Our Nutritional Planning
We believe eating healthy is important for children, and we can help our child learn about and enjoy lots of good foods each day. Our menu is planned to provide meals and snacks that meet federal and state rules and guidelines. Children enjoy foods that will help them grow and learn to pick foods that will help them live a healthy life. Our program provides breakfast, lunch, afternoon snack, and supper. These are provided at the following times:
11:30 am – 12:45 pm
Our program assures meals and/or snacks are nutritionally sound by participation in the Child and Adult Food Program [CACFP], menus are reviewed by a public health professional and are followed by the meal/snack menu guide based on the USDA approved meal patterns. Our program provides a supportive, attentive and accommodating environment for children with food allergies or special dietary requirements.
- All caregivers/ teachers/staff have received training in food allergy/sensitivity issues.
- Food alternatives will be identified with parents and be kept readily available where food is prepared.
- A plan will be developed with parents as to how food alternatives will be made available (provider purchased; parent purchased).
- Parent emergency information will be kept updated as well as related medical records and changes in child’s treatment plans. A form will be provided for the pediatrician to specify what foods to substitute.
Food is prepared on site in the center kitchen. Our menus are posted so that families can see them. We will provide written communication in other languages for families enrolled where English is not their spoken or primary language. Clean, sanitary water is available to children throughout program hours. Children are provided with disposable cups. Water is not substituted for milk when milk is a food/meal requirement. Additional water is available when temperatures are higher or physical activity increases.
Our program provides required meal components for breakfast, snacks, lunch, and supper. Holidays and birthdays are meaningful,
and we encourage families to share in ways that are reflective of their traditions and are enjoyable for the children. However, no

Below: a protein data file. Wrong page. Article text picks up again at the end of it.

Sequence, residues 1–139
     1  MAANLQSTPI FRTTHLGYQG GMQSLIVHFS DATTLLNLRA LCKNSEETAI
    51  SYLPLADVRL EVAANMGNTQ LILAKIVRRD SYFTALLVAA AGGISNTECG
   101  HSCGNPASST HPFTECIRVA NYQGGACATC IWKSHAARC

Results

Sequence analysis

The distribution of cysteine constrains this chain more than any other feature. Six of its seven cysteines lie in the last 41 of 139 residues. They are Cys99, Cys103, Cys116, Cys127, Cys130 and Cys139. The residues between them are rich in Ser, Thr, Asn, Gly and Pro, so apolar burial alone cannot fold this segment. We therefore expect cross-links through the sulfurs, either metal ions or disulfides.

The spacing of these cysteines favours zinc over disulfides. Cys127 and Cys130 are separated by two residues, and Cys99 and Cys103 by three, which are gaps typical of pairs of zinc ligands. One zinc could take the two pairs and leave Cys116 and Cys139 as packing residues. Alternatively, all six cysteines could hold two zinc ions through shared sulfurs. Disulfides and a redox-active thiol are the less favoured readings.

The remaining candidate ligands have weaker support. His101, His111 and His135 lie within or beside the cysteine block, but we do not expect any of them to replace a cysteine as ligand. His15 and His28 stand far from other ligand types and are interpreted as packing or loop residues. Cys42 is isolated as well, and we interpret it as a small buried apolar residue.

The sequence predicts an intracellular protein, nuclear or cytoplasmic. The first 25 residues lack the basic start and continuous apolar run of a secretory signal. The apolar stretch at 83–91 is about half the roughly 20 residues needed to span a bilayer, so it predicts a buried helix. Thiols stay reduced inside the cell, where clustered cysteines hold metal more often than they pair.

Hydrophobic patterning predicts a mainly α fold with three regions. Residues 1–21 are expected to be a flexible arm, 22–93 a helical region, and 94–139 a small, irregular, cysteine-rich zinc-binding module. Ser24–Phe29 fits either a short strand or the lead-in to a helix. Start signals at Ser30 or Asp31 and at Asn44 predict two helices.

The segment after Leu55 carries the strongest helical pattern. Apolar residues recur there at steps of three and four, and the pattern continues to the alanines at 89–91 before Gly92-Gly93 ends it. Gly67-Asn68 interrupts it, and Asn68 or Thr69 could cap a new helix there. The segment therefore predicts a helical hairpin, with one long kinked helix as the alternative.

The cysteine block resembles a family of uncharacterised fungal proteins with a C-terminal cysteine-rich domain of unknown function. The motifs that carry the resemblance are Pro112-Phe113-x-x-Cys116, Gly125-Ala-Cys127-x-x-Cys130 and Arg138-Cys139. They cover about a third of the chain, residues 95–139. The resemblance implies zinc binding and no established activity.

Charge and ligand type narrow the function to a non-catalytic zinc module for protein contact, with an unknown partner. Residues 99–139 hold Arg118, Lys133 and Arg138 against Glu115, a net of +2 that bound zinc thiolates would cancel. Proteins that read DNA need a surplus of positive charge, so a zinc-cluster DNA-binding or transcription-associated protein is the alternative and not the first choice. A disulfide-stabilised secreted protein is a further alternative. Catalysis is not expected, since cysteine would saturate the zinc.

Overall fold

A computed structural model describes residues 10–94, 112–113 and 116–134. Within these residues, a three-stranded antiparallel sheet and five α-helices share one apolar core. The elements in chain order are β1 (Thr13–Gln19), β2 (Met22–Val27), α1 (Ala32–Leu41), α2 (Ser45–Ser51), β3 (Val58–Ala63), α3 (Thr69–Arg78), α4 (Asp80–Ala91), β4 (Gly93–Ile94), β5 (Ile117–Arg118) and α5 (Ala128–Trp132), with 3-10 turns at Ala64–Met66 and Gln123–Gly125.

treats/ food can be brought in celebration of these events. Families should connect with administration on other ways to make a
child’s day/tradition special, such as; reading a book to class, planning an outside time activity, etc.
- Fed on demand and at regular times of the day depending on their age. However, we will train your child to be on a sleep/feeding/ changing schedule.
- Prepared bottles are labeled with the child’s first name, date, contents, and capped.
- Infants are always held for bottle feedings.
- A plan to introduce age-appropriate solid foods to infants is made in consultation with the child’s parent/guardian and primary care provided. We follow CACFP/USDA requirements to introduce solid foods; these guidelines are available for staff and parents to review.
- Our program welcomes breastfeeding families and will provide space for mothers to nurse or pump.
- Breastfed babies do not receive food or drink (other than breast milk) unless indicated.
Parents are asked what they want the center to do if the parent will be late and their baby is hungry, or the supply of breast milk is gone. Staff is trained on the benefits of breast- feeding, preparation, and storage. Resources are available for parents and our program commu-nicates with parents about how/what their infants ate.
- Our meals are served family style. Staff sits and eats with the children, enjoying the same foods the children are eating. Children are encouraged to help with meals in age- appropriate ways.
- Scheduled meals and/ or snacks are available to all children enrolled and present.
For Toddlers, Preschool Age and School Aged Children
Children receive nutrition education from reliable sources that reflect standards upheld by CACFP and the USDA. The children are given opportunities to understand why eating healthy is important, and to learn to form healthy eating and activity habits.
- Nutrition information is shared through: Books, daily activities, and mealtimes.
- Families are also provided nutrition education through such things as learning activities, community events, informational brochures, etc.
- Meal service information in the parent handbook and posted menus.
- Nutrition education also includes opportunities for our program to learn about the prevention of childhood obesity, basic principles of child nutrition and healthy eating habits and experiences. We share this information with parents as well.